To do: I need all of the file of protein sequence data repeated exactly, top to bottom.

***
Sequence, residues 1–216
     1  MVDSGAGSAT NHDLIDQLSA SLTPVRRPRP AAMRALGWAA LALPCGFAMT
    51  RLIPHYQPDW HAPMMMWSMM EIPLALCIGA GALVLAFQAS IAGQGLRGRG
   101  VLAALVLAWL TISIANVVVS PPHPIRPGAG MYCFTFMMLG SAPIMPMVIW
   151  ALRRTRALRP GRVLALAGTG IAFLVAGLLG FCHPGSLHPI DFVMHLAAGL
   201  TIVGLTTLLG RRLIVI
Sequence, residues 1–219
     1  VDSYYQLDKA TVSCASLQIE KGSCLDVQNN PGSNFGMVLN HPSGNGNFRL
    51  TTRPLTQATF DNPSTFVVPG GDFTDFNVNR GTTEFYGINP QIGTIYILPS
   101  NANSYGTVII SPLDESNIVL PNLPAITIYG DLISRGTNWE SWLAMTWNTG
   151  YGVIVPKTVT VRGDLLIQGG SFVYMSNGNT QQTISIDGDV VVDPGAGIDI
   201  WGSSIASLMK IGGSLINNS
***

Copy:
Sequence, residues 1–216
     1  MVDSGAGSAT NHDLIDQLSA SLTPVRRPRP AAMRALGWAA LALPCGFAMT
    51  RLIPHYQPDW HAPMMMWSMM EIPLALCIGA GALVLAFQAS IAGQGLRGRG
   101  VLAALVLAWL TISIANVVVS PPHPIRPGAG MYCFTFMMLG SAPIMPMVIW
   151  ALRRTRALRP GRVLALAGTG IAFLVAGLLG FCHPGSLHPI DFVMHLAAGL
   201  TIVGLTTLLG RRLIVI
Sequence, residues 1–219
     1  VDSYYQLDKA TVSCASLQIE KGSCLDVQNN PGSNFGMVLN HPSGNGNFRL
    51  TTRPLTQATF DNPSTFVVPG GDFTDFNVNR GTTEFYGINP QIGTIYILPS
   101  NANSYGTVII SPLDESNIVL PNLPAITIYG DLISRGTNWE SWLAMTWNTG
   151  YGVIVPKTVT VRGDLLIQGG SFVYMSNGNT QQTISIDGDV VVDPGAGIDI
   201  WGSSIASLMK IGGSLINNS